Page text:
As a gift for your husband on Father’s Day, a good choice might be a simple mop. When children see both parents share cleaning chores at home, it can affect their career aspirations, especially for girls.
One critic of the feminist T-shirt wrote, "Lol. Hate it when Hollywood, companies use success as a platform to preach!!"
During the day, an assistant principal pulled Brittney Coelho aside to point out an issue with her wardrobe — the fact that she wasn’t wearing a bra.
A 15-year-old Ontario high school student posted signs accusing the dress code of "objectifying women" and "perpetuating rape culture."
Bill Brown, a former Navy officer, couldn’t resist writing this in response to a Facebook post seeking female Navy officers: “So glad I am retired and not involved with this social engineering experiment.”
Teens in Quebec are decorating their clothing with yellow squares to protest their “restrictive and sexist” school dress code — with female students demanding to ditch their bras.
“The dean told me it was to save myself from my own embarrassment," says Lizzie Martinez, 17. "If it truly was that, the students that were talking about me, that should have been addressed and not me.”
Bailey Davis, a cheerleader for the New Orleans Saints, says she was fired after three seasons with the squad for posting a photo of herself in a one-piece outfit to Instagram. Her lawyer claims a double standard.
Female students called the dress code, which banned everything from tube tops to open-toed shoes, "degrading" and "unreasonable."
Critics have accused "Candy Shop Mansion" of objectifying women and posting inappropriate content, but it's survived a two-week Instagram ban.
Marriage and family life can certainly affect your career, but now an NBC commentator is suggesting that it can affect your athletic performance, too. Broadcaster Bode Miller is in hot water over his comments about Austrian skier Anna Veith. Veith was a gold medallist at the 2014 Winter Games in Sochi, but came in 15th after competing in women's giant slalom in PyeongChang on Wednesday.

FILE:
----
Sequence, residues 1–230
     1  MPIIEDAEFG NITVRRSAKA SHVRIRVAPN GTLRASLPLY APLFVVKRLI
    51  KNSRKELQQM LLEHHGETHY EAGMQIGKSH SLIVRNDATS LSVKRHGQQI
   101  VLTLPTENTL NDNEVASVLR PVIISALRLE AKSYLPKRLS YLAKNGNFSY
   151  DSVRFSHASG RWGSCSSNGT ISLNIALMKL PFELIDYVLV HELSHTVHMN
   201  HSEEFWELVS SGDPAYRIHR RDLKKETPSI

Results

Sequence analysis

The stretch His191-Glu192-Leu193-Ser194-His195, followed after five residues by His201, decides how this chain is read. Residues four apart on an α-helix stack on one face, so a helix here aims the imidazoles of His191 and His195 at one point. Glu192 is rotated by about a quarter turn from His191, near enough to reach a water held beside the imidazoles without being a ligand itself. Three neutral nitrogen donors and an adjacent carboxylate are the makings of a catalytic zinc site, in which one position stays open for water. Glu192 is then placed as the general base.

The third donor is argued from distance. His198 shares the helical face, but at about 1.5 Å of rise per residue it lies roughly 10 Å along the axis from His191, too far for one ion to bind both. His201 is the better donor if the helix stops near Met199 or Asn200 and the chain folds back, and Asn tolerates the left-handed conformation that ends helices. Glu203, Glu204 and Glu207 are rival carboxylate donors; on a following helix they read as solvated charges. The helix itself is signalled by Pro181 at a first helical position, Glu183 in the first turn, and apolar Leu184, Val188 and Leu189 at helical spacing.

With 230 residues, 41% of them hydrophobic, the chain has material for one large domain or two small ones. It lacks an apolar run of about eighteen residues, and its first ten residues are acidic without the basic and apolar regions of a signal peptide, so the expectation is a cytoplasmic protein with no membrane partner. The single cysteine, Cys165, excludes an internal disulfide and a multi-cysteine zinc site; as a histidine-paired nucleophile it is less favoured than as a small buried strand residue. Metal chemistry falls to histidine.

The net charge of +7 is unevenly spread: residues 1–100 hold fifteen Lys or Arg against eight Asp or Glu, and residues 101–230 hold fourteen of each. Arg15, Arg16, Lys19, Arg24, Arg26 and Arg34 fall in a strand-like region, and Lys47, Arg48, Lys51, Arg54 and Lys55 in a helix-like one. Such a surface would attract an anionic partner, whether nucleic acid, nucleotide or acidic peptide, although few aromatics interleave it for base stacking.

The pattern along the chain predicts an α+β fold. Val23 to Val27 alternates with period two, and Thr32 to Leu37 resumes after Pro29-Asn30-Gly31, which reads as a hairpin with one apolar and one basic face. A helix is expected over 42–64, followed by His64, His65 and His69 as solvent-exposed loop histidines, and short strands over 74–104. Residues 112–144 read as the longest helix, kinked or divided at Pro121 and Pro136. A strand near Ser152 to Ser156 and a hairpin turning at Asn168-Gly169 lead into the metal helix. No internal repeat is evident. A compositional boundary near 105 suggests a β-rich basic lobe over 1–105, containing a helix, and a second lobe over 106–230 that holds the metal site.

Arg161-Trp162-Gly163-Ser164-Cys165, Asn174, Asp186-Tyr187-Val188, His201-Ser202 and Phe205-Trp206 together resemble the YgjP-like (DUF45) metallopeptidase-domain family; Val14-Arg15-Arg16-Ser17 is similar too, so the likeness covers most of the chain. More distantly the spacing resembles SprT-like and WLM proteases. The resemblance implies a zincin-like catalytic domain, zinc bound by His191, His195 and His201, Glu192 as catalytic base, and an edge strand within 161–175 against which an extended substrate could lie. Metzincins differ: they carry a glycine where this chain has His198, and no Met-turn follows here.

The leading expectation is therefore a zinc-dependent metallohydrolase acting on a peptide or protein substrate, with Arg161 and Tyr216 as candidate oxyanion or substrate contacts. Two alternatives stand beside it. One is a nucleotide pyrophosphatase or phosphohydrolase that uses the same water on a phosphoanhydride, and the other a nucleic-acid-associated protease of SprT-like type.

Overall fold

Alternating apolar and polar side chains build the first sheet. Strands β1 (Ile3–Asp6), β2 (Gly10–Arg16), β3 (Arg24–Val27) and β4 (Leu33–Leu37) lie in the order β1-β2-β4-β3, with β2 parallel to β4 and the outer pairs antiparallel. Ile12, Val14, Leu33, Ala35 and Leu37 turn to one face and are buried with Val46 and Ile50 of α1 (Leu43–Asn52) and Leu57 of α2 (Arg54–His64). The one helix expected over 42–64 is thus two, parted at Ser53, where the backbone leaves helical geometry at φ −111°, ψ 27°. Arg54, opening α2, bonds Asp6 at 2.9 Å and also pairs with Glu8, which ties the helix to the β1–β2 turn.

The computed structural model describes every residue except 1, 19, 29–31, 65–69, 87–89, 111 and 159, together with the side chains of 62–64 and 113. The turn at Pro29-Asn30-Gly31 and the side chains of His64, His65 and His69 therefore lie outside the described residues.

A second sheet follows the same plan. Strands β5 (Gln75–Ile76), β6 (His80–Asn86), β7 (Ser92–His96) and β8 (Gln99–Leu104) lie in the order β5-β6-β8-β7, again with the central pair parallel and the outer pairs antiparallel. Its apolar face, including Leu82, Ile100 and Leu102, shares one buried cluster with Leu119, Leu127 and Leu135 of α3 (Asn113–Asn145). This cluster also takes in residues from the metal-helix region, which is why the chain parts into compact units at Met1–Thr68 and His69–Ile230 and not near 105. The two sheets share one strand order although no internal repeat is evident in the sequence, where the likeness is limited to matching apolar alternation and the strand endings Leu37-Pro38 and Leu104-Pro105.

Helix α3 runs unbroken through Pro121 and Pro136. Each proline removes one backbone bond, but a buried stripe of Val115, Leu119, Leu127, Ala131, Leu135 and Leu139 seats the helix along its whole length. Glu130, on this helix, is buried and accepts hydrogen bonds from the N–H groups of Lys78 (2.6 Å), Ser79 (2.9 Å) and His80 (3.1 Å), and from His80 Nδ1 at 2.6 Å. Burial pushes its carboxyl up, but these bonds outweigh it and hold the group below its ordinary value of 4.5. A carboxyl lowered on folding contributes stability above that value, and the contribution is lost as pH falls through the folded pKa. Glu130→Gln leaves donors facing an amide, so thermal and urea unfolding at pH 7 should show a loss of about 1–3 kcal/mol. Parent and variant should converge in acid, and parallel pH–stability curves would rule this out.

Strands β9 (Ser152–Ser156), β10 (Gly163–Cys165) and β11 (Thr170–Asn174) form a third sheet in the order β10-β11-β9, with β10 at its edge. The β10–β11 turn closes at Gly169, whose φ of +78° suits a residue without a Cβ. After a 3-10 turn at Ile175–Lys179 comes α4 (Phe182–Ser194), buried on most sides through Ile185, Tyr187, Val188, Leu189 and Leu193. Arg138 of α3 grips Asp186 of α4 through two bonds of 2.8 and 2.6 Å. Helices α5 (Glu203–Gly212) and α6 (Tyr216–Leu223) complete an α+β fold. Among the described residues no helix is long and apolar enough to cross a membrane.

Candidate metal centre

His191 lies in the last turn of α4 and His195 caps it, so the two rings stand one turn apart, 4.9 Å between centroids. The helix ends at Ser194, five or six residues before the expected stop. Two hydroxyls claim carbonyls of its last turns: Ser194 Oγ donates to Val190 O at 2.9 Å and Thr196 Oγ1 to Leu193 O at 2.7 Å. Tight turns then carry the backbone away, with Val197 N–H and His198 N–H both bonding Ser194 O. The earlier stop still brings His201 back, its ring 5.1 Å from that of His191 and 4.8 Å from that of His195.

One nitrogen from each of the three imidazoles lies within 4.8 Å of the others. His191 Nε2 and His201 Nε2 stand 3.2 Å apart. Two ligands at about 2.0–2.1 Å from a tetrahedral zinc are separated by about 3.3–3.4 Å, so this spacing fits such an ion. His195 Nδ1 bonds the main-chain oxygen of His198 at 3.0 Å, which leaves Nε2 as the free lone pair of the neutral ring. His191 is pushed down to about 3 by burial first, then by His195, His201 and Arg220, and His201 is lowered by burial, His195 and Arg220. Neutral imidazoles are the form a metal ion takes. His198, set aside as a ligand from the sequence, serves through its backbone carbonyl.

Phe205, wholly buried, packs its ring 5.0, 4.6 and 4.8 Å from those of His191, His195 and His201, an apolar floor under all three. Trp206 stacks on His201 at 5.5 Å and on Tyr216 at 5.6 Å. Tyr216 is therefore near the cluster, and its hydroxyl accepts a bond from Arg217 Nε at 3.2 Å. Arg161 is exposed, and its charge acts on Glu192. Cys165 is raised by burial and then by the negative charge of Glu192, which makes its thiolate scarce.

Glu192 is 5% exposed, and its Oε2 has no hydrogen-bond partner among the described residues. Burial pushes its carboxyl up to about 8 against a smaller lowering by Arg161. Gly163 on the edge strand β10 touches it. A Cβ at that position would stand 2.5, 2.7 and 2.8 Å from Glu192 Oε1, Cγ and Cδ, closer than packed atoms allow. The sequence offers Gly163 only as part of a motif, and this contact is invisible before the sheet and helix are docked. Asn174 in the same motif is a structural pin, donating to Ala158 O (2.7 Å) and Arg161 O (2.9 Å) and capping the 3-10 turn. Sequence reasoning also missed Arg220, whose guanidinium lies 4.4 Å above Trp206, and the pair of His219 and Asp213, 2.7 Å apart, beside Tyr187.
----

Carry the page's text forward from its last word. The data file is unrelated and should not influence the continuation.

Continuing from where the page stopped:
"Sports Illustrated is always selling the same idea: All female bodies are to be desired. All are objects."
Humans of Fashion, here just in time for New York Fashion Week, is an NGO with a mandate to "create a safer workplace" for fashion industry employees of all types, launched as a response to the #TimesUp movement.
A job advert has been slammed online for saying potential candidates must have the “ability to deal with male banter and be sociable, but not distracting”.
"I went on to imagine a parallel universe, where roles are inverted and men are given a taste of their own sexist poison.”
"I don't come to the gym to be sexualized. I don't come to the gym to have my body on display," said one of the women in the video.
"For those concerned with the price of my Globes sweater, I just don't think a $5,000 gown would have added to the conversation in the same way."
In light of the Time's Up movement, which celebrities marked by wearing all black to the 2018 Golden Globes, one wonders: Why can't smart women love fashion and be activists for change?